NAIROBI, Kenya — Over 200 million additional people have been pushed into hunger in the past three years as a result of the food and financial crises. The U.N. estimates that some one billion people now go hungry.
Empowering women small scale farmers through financial support and technology is key to sustainable agricultural development, and can work towards the Millennium Development Goal of halving hunger by 2015, according to "Fertile Ground" a new report by ActionAid.
Small scale farmers are responsible for 90 percent of food grown on the continent, and produce about half of the global food supply.
Ironically, 75 percent of hungry people in the world are small holder farmers.
Almost all agricultural policies assume that farmers are men, a fact that renders women voiceless in terms of policy making. ActionAid believes that investing in women will boost food security more than ever as women constitute the majority of farmers in most African countries.
Up to now, women farmers have been virtually ignored and discriminated against by governments and donors — despite producing up to 80 percent of food in Africa, women own only one percent of the land and receive only 7 percent of extension services and one percent of all agricultural credit.
To achieve the Millennium Development Goal of halving hunger the U.N. estimates that an additional $40 billion per year is required globally.
Recognizing that a 10 percent budgetary allocation by low-income countries will cover only part of the investment needed, donors must make a guaranteed upfront commitment to closing the gap, so that the ambitious efforts required to reduce hunger by 50 percent become operationally practical.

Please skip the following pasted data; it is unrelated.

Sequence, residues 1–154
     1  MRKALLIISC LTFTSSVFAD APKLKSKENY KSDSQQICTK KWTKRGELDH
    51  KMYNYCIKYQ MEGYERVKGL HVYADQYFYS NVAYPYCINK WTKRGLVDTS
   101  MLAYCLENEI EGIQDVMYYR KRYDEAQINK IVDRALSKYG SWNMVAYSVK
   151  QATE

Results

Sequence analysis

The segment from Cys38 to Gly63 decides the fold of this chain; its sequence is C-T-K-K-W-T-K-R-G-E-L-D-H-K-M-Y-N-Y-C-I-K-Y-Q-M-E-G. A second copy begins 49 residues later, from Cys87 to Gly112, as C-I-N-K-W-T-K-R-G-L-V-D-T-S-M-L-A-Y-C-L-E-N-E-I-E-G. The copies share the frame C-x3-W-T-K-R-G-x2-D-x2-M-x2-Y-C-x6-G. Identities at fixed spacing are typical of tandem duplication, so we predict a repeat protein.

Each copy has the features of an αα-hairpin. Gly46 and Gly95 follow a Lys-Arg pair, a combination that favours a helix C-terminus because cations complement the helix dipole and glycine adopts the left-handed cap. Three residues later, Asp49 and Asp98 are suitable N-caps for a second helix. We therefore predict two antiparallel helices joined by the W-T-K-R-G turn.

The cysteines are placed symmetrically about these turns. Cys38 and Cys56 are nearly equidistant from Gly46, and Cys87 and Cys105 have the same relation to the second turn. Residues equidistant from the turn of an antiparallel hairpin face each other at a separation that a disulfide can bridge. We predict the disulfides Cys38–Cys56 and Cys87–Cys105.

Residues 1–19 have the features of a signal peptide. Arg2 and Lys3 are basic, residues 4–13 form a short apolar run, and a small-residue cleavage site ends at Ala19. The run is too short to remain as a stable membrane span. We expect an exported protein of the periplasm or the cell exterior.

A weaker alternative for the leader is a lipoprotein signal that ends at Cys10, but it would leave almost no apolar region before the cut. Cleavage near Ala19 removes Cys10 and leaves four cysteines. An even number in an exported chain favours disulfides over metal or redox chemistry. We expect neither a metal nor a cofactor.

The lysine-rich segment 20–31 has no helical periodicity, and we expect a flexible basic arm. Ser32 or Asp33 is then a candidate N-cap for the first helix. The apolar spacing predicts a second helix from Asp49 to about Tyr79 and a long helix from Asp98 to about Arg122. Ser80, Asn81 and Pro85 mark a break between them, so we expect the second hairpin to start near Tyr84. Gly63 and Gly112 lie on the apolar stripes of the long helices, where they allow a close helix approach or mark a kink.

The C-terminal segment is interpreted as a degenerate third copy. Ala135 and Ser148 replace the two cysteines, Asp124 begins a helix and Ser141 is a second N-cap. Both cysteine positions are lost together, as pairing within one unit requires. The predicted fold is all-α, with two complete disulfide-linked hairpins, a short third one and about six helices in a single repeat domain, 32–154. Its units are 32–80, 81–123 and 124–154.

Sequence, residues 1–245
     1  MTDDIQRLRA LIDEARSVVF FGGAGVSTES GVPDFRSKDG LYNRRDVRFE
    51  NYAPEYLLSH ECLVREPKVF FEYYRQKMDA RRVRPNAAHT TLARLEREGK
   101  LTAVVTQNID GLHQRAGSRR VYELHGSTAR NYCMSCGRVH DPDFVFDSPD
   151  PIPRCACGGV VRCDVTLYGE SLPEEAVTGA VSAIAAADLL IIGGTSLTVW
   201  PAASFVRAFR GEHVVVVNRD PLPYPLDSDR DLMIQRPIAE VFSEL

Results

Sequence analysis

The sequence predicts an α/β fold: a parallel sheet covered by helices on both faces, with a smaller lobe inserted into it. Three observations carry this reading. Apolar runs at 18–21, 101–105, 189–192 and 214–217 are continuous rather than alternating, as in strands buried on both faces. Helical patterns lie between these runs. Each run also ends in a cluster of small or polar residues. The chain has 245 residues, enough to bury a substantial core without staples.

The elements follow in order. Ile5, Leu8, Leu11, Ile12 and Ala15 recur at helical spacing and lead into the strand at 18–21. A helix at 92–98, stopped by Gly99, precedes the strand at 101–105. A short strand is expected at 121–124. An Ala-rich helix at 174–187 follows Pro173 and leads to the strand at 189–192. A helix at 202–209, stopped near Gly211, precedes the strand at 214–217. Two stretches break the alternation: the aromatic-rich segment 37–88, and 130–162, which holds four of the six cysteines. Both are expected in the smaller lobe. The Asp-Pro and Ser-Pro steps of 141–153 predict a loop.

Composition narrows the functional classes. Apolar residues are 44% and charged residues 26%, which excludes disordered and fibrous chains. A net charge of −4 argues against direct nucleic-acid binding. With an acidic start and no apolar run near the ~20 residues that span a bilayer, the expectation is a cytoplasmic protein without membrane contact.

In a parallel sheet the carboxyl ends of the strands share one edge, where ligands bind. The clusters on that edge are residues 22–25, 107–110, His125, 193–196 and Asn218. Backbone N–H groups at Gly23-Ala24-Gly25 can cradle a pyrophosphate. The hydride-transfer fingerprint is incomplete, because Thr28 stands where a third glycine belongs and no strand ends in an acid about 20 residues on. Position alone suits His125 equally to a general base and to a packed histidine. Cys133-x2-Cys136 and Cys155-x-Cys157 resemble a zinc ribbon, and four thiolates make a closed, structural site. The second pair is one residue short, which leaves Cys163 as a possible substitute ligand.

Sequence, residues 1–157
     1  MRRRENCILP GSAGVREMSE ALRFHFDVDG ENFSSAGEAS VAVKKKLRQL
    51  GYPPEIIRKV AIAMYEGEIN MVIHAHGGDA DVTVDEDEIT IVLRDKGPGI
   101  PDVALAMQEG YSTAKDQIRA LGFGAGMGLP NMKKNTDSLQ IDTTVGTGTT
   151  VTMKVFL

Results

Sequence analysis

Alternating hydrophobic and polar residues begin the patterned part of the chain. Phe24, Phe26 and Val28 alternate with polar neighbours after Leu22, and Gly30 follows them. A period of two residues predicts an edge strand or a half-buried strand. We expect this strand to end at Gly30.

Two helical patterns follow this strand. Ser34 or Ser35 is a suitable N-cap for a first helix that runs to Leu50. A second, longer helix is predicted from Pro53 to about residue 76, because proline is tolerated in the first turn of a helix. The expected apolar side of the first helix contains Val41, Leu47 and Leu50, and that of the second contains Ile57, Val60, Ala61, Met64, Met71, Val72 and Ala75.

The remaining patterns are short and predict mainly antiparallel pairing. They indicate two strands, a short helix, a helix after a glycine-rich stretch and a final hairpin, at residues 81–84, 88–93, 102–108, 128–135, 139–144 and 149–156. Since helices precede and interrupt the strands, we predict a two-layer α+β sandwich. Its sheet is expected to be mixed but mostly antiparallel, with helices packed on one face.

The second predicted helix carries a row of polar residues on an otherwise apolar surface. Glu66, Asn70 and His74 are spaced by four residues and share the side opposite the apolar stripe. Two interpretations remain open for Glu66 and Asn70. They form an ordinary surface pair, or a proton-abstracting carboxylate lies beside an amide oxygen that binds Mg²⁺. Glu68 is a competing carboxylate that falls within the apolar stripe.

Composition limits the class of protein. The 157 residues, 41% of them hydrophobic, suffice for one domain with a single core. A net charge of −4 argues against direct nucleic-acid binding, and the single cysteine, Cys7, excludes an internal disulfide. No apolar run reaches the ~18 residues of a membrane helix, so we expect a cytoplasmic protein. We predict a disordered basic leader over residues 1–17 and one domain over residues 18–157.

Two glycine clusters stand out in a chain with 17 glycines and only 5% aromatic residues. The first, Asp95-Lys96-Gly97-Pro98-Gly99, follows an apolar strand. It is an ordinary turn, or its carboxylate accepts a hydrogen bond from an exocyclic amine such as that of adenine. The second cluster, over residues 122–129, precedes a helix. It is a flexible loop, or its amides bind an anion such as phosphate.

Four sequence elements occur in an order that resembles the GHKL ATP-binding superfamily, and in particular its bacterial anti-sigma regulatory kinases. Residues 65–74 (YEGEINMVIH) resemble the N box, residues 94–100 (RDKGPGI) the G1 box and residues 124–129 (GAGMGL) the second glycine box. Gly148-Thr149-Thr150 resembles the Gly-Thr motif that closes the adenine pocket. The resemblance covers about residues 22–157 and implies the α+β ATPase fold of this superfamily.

To achieve this, the focus of public investment should be shifted to low-cost, sustainable techniques.
Training and advice by agricultural specialists who visit women farmers in the fields are needed to support such initiatives. These techniques can help reduce climate risks to the benefit of women and poor farmers.
Governments in the developing world have very constrained budgets, with low levels of tax revenue and insufficient aid, and currently spend relatively little of their available funds on agriculture.
But from 2000 to 2005, African governments nearly doubled their agricultural spending, but still allocated it only around 5 percent of their national budgets — about $8.7 billion in 2005.
In the same period, donor aid to agriculture in Africa stalled at around $1 billion per year, falling below 4 percent of total aid to Africa.
Though in the past few years, African governments have increased their spending on agriculture to an average of 6.6 percent.
As much as this is commendable, experts say it is not enough.
ActionAid’s research shows that all eight African countries that spent more than 10 percent of their budgets on agriculture during 2004-07 have reduced the proportion of hungry people over the last decade.
They include Ethiopia, which reduced hunger from 63 percent to 46 percent between 1995 and 2005, and Malawi, which reduced it from 45 percent to 29 percent.
At the U.N. Millennium Review Summit this year, supporting women farmers must be the focus of coherent national plans to make a five-year breakthrough against hunger, backed by allocation of at least 10 percent of the government budget to agriculture.
Donors must commit to underwriting all credible national plans for halving hunger, and covering any shortfall beyond developing countries’ efforts.
Governments must develop robust national breakthrough plans for halving hunger by 2015 through a massive scale-up of public goods provided particularly to women farmers and other smallholders.